Depending upon the complexity of your needs and concerns, a will can range from a simple will to a trust under will (protection of minor children, protection of incapacitated persons upon reaching the age of majority, significant assets, etc.). I will provide you with the best advice to draw up a will based on your particular needs.
Before settling an estate, you have to find out if the deceased had a will and, if so, the type of will. There are three types of wills recognized by the Quebec legal system: notarial wills (will drawn up by a notary), wills made in the presence of witnesses, and holograph wills.
If the deceased had a notarial will, a will made in the presence of witnesses, or a holograph will
A notarial will is the most common form of legal document for estate settlement. Procedures for estate settlement begin with searching for a will at the Registre des dispositions testamentaires de la Chambre des notaires du Québec (Registry of Testamentary Dispositions of the Notary Chamber of Quebec) and the Registre du Barreau du Québec (Registry of the Bar Association of Quebec). As a notary, I have privileged access and can quickly obtain search certificates. Wills made in the presence of witnesses and holograph wills are also acceptable, but must be probated to ensure that the minimal requirements of the Civil Code of Quebec are respected. This process only validates that the requirements have been met and does not preclude subsequent disputes by other parties.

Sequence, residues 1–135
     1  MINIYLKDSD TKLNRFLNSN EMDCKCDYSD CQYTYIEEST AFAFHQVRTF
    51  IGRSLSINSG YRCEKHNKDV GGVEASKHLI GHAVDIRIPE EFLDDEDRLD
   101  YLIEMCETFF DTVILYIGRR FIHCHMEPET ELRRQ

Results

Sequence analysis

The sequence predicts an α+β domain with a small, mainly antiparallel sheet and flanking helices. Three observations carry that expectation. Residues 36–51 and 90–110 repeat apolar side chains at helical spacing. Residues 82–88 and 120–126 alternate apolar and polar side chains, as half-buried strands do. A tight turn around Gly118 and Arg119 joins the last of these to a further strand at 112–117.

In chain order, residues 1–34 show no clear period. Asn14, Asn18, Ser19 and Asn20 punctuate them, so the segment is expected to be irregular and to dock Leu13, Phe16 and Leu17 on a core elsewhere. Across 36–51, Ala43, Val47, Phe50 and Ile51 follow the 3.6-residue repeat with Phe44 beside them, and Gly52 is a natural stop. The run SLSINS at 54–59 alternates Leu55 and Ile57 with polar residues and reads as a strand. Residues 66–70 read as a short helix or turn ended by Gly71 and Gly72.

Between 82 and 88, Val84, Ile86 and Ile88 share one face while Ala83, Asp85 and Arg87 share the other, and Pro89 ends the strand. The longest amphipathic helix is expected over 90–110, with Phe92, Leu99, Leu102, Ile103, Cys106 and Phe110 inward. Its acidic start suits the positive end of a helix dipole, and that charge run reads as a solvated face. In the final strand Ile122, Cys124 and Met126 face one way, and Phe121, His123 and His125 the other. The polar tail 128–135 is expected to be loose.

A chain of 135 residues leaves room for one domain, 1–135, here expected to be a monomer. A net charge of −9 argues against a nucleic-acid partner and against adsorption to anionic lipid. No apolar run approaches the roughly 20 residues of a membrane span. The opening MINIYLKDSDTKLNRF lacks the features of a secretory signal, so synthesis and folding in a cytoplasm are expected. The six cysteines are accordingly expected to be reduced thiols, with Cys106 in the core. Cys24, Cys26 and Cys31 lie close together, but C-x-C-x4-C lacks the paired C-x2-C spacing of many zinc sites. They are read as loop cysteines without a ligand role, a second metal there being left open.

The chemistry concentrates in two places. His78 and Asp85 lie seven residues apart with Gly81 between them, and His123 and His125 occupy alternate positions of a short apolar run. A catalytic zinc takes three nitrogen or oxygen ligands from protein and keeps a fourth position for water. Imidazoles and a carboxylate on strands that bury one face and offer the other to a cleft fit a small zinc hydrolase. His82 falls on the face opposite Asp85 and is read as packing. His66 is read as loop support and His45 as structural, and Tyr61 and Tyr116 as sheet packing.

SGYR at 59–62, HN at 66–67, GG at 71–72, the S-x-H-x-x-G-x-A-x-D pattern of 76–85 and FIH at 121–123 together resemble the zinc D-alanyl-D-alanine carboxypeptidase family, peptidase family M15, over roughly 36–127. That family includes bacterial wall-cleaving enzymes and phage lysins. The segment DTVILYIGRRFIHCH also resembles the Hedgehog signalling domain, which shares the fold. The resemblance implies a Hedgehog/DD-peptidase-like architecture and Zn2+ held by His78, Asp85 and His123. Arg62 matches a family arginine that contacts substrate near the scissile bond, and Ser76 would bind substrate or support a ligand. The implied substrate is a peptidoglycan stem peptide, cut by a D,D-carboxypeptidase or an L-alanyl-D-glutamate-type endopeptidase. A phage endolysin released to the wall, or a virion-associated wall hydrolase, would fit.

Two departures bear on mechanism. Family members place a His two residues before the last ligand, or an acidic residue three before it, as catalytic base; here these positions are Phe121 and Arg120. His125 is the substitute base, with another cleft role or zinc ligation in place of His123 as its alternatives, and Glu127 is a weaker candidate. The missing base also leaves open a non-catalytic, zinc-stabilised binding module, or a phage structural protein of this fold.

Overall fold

If the deceased has not left a will
When there is no will, the Civil Code of Quebec determines the legal heirs of the deceased person. If the deceased was married, the matrimonial rights must first be addressed: the process starts by establishing the family patrimony, then the matrimonial regime (partnership of acquests, community of property or separation as to property).